water cycle & wetlands

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"Nature Guide Journal"

2 November 2000

Water, water everywhere!

Every school child draws the water cycle: water evaporating from the sea, then blown inland, forming clouds that rain down to journey back to the sea.

This is no small issue. Planet-wide, something on the order of 10 million billion gallons of water are transported through the water cycle each year. (That's a one with 16 zeros behind.)

But there's more to that simplistic view we remember from childhood. The water cycle involves the soil, plants, and animals–including us. This life-giving circle is better viewed as a complex three-dimensional circuit with nearly infinite branches and off-shoots that involves most of the atmosphere and the upper levels of earth's crust.

Probably the most complex section of the water cycle is what happens when the rain (or snow, or hail, or sleet) reaches the ground. Certainly, much of it runs off our trees and roofs and down our hills and sidewalks. But quite a bit of it–usually most of it–soaks into the ground.

Under the surface, the water binds itself to the soil particles until the soil is saturated. Or until a plant takes it up. The water picked up by plant roots is either chemically converted into more plant or is passed through the leaves back into the air.

Water is pulled deeper underground until it meets a barrier. The water collects above of the barrier; the "water table" is the top of that layer of water.

Rivers, streams, and lakes are not just "where the water collects on the land," they're usually more accurately described as "where the water table breaks through the surface."

Wetlands occur where the water table is at or near the surface. Long thought to be "wastelands," we now know wetlands perform many vital functions. The life and chemistry of wetland soils clean impurities out of the water. Wetland soils–and the wetland's position in the cycle–collect and hold floodwaters, then slowly disperses them. Wetlands along the edges of open waters buffer the shoreline from erosion. Wetlands produce and recycle huge amounts of plant and animal life, much of which is passed on to adjacent land and water habitats. Further, rich wetland ecosystems are critical permanent or nursery habitat for myriad species of plants and animals.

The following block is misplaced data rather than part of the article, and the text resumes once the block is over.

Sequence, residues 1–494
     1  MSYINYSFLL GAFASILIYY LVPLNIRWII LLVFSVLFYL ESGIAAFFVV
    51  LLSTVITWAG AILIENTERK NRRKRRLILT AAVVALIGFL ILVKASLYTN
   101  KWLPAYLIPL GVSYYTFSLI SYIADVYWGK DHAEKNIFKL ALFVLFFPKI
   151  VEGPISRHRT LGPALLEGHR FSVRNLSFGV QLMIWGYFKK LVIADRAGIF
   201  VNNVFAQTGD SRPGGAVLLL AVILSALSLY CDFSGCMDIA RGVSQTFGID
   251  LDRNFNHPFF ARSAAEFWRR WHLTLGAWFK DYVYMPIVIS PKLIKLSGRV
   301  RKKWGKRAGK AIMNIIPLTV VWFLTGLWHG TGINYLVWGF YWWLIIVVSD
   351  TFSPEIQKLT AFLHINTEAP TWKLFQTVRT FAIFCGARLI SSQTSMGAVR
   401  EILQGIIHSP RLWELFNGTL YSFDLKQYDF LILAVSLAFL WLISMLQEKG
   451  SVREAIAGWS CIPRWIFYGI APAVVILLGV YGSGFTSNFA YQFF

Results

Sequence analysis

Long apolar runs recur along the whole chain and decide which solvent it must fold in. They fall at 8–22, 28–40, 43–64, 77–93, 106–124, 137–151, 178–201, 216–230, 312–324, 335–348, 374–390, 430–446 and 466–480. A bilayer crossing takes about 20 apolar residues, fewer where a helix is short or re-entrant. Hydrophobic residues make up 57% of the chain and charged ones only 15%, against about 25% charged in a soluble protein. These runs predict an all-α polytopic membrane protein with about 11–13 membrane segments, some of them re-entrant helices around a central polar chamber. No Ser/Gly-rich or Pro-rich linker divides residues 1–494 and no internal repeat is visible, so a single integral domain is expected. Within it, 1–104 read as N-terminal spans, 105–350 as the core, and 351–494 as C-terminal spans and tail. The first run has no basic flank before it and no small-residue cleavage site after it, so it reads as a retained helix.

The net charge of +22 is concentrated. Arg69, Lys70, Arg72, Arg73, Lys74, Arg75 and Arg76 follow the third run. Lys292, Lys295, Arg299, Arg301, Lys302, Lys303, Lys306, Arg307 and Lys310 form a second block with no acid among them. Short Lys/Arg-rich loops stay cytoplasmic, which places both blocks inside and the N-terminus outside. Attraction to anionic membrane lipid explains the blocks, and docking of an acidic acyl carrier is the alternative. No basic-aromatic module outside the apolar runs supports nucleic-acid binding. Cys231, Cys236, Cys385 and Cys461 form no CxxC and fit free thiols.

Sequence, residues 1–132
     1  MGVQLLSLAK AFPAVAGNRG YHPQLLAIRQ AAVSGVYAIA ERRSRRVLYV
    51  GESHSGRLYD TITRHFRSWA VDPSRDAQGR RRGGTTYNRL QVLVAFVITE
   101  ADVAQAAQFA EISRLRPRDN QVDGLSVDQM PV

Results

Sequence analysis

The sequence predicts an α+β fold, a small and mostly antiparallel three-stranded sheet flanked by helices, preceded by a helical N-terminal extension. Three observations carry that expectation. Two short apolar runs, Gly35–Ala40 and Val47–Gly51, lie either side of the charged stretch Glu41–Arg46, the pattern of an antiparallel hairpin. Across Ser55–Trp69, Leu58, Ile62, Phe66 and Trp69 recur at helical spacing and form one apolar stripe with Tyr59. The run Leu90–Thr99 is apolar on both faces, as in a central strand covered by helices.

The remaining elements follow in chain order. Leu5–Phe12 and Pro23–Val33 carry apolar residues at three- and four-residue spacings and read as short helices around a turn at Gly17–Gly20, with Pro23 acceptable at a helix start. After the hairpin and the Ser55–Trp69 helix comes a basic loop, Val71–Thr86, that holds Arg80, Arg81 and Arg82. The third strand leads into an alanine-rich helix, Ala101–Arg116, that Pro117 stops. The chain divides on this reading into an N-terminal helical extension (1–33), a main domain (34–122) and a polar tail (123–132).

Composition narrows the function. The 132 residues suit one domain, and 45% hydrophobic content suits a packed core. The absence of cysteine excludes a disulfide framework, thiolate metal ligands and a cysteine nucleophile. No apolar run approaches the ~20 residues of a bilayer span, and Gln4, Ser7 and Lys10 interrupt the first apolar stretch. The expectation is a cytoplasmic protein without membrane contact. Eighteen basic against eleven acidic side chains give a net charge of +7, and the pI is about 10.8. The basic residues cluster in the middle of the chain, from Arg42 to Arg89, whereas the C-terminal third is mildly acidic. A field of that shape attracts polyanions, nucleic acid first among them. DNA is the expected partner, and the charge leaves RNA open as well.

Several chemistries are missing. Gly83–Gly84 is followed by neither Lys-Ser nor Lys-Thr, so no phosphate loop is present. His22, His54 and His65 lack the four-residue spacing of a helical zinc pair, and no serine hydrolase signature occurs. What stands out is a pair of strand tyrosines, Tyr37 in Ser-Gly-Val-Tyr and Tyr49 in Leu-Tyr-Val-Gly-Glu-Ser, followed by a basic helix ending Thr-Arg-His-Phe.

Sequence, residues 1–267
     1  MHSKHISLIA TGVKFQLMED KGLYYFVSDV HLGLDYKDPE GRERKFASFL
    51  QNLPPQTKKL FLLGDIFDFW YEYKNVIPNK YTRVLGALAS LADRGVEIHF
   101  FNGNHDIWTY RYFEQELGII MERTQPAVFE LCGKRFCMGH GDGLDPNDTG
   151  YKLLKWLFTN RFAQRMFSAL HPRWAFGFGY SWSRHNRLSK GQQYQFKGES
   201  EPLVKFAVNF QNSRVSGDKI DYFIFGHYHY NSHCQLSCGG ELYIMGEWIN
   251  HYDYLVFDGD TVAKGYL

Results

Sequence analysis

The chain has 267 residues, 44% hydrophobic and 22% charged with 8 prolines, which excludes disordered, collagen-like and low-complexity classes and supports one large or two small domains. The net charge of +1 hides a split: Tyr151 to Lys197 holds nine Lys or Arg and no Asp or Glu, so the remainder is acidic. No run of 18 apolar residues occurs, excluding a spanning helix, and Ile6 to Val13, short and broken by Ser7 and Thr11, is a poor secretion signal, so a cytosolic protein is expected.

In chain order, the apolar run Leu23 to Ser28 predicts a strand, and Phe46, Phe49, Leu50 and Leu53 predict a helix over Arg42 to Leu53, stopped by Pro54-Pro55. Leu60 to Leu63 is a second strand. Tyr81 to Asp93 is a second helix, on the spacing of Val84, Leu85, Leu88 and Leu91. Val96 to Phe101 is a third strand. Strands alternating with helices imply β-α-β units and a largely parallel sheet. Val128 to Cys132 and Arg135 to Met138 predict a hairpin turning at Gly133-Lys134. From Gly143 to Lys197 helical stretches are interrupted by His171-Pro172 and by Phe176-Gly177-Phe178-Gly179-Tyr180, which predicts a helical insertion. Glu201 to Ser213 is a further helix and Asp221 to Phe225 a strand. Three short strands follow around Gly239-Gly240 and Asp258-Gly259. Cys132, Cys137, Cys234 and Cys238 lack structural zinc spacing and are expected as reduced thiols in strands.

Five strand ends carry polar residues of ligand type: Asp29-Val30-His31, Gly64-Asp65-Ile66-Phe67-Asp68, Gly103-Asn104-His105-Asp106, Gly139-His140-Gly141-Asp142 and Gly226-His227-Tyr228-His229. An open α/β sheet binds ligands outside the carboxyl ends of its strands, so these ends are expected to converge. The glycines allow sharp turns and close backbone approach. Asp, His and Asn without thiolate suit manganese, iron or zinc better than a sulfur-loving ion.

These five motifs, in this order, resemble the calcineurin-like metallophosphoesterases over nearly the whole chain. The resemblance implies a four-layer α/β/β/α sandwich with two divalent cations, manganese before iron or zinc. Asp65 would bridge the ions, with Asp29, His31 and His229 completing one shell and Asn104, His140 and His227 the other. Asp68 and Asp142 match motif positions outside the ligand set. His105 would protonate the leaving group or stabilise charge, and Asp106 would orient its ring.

And while we may envision a water cycle that takes in whole continents at a regular pace, that's not always the case. The cloud/ground/cloud loop can be quite short. For example, ground or pavement moistened by evening fog may readily evaporate in the next morning's sun, the water producing frail wisps as it dissipates back to the air. Conversely, some water may be locked up in places of the water cycle for millions of years; in ice or deep underground.

So here we are, an intimate part of the water cycle, as we step over puddles of surface water, eat plants that grew on soil water, drink water stored in lakes or deep below the surface, and enjoy wildlife nurtured in wetlands.

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Related articles on this site include salmon, wetland functions, and ponds and lakes.


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